The gang reclining with the seriously awesome Pentaceratops.
And with the life-size mammoth statue in the museum rotunda.
Parting shot: face to face with Apatosaurus in the museum's "Dino-vater".
London and Grandma playing with Play-Doh.
London dunks the marshmallows in his first ever cup of hot chocolate.
I usually sleep on an air bed, which makes a convenient wrasslin' spot for Grandpa and his boy.
Still time for snuggling with Momma.
Opening Christmas presents. Too bad about Ryan's face.
In the newly enclosed garage, London and Anna Ruth rode trikes and scooters while the big boys brought in weapons for an indoor snowball fight.
Sitting with Uncle Ryan while he thaws out from a nap.
Todd, Becca, and Grandma look at an old photo album.
Aunt Courtney may be imagining biting Uncle Ryan's head off.
Aunt Courtney with three kids.
London and Anna Ruth jumping on the air bed.
Grandpa, Uncle Ryan, London, and me took a trip to Kansas on Dec. 28. We toured the Kansas Cosmosphere in Hutchinson and then went on to Montezuma to see Great Grandpa. Here is the real Mercury Redstone rocket--the same one London dressed up as for Halloween--outside the Cosmosphere.
London with the business end of the Mercury Redstone.
With one of the mighty F1 engines of the Saturn V moon rocket, the biggest rocket engine ever flown. The engine bell on this one is only half complete; originally, it would have come down to the top of the concrete base.
Ryan and London trekking to the Cosmosphere's Gemini Titan. If it looks like it's stuck in a hole . . . it is.
The base of the Gemini Titan is down in the actual concrete flame trench from which these rockets were launched at Cape Canaveral.
London was in rocket heaven.
Inside, the morning sun was lighting up the SR-71 spy plane. One once flew across Kansas in 10 minutes.
The Cosmosphere's space shuttle is a life-size mockup, but it's still 100% cool.
Their moon lander is the real deal, one of the ones we never sent.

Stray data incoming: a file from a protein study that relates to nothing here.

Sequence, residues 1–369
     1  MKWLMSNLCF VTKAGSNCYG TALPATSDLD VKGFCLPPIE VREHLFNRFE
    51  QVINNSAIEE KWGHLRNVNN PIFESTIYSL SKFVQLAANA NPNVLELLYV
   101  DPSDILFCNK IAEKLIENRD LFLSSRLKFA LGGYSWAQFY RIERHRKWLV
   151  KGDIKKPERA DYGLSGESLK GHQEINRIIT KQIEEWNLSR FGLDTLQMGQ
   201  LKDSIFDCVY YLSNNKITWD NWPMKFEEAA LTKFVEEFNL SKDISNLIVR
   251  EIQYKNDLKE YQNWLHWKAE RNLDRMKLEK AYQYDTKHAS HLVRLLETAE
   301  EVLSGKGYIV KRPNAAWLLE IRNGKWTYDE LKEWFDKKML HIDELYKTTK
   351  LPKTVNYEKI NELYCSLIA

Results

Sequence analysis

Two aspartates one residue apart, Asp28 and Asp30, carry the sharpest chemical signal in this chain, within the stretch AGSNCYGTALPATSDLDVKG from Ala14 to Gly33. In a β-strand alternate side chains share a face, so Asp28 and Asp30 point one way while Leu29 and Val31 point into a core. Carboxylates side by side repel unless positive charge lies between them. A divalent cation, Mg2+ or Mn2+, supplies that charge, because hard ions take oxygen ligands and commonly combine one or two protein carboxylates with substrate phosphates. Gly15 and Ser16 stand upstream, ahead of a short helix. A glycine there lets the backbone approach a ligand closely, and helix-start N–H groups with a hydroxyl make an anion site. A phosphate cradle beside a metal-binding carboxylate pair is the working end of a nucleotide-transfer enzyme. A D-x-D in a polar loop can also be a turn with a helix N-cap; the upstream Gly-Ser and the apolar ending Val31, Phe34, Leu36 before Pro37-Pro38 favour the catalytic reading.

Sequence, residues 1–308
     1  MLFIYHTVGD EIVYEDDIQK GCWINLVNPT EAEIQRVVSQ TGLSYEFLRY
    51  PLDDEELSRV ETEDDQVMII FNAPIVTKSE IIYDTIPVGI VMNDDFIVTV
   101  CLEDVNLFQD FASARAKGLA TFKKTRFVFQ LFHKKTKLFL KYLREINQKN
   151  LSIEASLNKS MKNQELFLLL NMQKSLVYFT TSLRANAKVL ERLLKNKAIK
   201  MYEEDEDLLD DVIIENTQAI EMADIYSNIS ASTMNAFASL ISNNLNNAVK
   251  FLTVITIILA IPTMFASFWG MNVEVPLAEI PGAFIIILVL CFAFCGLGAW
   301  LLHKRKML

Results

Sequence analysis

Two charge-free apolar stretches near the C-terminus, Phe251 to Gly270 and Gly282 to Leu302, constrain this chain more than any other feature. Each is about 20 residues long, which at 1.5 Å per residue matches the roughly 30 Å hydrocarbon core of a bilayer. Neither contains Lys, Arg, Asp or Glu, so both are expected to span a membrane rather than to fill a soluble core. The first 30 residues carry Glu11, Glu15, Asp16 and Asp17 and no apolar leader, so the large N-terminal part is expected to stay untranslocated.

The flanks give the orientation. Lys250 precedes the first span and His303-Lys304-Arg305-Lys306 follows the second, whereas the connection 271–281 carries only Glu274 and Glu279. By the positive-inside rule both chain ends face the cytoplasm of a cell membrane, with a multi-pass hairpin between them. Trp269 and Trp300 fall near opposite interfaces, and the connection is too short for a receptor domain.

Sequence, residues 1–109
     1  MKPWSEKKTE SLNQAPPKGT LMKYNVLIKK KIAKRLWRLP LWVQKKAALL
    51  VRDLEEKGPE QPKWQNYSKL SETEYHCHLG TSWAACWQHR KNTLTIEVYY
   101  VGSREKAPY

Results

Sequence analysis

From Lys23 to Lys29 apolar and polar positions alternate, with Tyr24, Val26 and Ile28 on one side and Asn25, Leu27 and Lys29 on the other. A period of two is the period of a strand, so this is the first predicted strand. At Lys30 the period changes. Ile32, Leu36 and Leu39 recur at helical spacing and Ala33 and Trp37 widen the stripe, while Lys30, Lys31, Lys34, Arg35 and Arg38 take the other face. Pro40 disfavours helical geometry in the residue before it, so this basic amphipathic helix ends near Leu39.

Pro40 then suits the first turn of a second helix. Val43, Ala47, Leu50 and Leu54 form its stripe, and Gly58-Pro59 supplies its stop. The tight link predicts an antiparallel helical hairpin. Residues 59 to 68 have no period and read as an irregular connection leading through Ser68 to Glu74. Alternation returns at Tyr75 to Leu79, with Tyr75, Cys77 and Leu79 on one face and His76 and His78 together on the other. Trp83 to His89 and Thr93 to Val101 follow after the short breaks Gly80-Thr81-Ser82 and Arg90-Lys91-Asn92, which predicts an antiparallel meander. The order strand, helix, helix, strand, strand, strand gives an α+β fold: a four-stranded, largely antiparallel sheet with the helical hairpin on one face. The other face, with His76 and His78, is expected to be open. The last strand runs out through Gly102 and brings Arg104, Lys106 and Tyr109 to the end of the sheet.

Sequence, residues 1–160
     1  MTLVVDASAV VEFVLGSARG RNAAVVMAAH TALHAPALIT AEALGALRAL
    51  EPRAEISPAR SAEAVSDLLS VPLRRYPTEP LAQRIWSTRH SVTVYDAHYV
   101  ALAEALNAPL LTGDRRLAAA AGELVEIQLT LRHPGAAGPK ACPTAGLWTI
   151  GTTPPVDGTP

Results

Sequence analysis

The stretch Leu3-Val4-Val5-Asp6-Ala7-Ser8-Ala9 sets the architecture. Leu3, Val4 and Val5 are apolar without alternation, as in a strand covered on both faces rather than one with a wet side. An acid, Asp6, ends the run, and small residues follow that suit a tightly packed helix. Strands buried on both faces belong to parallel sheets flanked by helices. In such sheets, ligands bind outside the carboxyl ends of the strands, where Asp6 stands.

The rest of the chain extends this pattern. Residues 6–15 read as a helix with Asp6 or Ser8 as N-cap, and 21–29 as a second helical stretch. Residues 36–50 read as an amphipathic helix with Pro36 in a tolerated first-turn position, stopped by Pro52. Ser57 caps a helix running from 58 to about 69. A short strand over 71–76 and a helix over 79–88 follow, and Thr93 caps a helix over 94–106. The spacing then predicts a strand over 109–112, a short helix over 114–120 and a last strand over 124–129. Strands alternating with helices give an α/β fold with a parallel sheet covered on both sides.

Grandpa and London with a replica of one of the Viking landers we sent to Mars in the late 70s.
London and Grandpa look at the Cosmosphere's space mural.
Rocket engine city. Here is a an actual rocket cluster from a Russian rocket, of the same kind that lofted Sputnik and Uri Gagarin.
The engine from a Mercury Redstone...
...and a Mercury Atlas.
The Apollo 13 command module. Not a mockup or replica, this is the actual capsule in which Jim Lovell and crew rounded the moon. The Cosmosphere also has Liberty Bell 7 from the Mercury program, the capsule from Gemini 10, and one of every Russian capsule as well.
A Lunakhod rover of the type the Russians sent to the moon in the mid 70s. One operated for almost a year. This is a spare that was never sent.
Grandpa, London, and Uncle Ryan in the flame trench with the business end of the Gemini Titan. One on hand, it is a HUGE machine. On the other, it hardly seems big enough to send two people into orbit.
Christmas 2010. We got together with Jarrod and Lynn and their daughters Sydney and Cameron. Here London is holding Sammy up for Cameron.
Sammy looks like he might be about to make a break for it.
London's expression here is priceless. You'll understand why he's making that face when you see the next picture.
Let's get ready to RUMBLE!
Now that is one happy boy.
In Okmulgee at Christmas. Papa loaned London a Tonka dump truck and backhoe, and broke up some dirt in the backyard. London spent most of the day out there digging.
London and Papa.
Grandpa drove down to the creek to pick us up after a walk on a cold day. It was the first time London had ever gotten to ride in the back of a truck.
Now that's a happy boy.
London and Anna Ruth watching a video.
Grandma holding her grandkids.
Grandpa holding his grandson.